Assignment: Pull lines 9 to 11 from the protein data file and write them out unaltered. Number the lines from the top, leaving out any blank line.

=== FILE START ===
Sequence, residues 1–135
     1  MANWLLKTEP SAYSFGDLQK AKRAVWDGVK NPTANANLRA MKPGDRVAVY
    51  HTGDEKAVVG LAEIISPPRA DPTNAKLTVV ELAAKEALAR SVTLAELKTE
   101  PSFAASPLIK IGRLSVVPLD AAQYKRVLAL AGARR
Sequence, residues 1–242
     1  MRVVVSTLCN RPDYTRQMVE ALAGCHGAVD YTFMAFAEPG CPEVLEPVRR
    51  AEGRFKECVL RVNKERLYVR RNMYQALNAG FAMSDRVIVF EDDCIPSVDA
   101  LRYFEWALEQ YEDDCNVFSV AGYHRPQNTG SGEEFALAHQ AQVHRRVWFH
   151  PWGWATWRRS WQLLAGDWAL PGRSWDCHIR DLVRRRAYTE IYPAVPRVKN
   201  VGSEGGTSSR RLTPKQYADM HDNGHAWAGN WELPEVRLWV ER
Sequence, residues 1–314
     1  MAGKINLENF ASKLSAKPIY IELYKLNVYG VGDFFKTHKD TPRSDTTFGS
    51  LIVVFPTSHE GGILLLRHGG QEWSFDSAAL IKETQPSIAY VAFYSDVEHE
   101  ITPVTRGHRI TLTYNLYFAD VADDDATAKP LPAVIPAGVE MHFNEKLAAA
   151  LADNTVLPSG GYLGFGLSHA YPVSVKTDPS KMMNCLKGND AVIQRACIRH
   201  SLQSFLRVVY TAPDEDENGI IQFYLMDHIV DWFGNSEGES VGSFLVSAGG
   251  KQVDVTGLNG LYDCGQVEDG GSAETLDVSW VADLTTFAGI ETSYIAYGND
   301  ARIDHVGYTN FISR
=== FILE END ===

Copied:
   151  PWGWATWRRS WQLLAGDWAL PGRSWDCHIR DLVRRRAYTE IYPAVPRVKN
   201  VGSEGGTSSR RLTPKQYADM HDNGHAWAGN WELPEVRLWV ER
Sequence, residues 1–314